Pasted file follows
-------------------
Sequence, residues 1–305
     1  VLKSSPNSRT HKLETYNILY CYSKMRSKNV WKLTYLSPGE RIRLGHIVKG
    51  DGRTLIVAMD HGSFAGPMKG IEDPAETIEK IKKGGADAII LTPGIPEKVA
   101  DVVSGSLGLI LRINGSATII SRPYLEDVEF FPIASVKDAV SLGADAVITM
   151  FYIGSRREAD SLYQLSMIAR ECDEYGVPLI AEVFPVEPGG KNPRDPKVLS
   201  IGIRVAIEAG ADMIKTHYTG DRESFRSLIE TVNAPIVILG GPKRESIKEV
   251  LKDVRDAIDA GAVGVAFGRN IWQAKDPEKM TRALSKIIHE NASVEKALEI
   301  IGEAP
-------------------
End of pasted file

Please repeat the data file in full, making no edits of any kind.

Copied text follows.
Sequence, residues 1–305
     1  VLKSSPNSRT HKLETYNILY CYSKMRSKNV WKLTYLSPGE RIRLGHIVKG
    51  DGRTLIVAMD HGSFAGPMKG IEDPAETIEK IKKGGADAII LTPGIPEKVA
   101  DVVSGSLGLI LRINGSATII SRPYLEDVEF FPIASVKDAV SLGADAVITM
   151  FYIGSRREAD SLYQLSMIAR ECDEYGVPLI AEVFPVEPGG KNPRDPKVLS
   201  IGIRVAIEAG ADMIKTHYTG DRESFRSLIE TVNAPIVILG GPKRESIKEV
   251  LKDVRDAIDA GAVGVAFGRN IWQAKDPEKM TRALSKIIHE NASVEKALEI
   301  IGEAP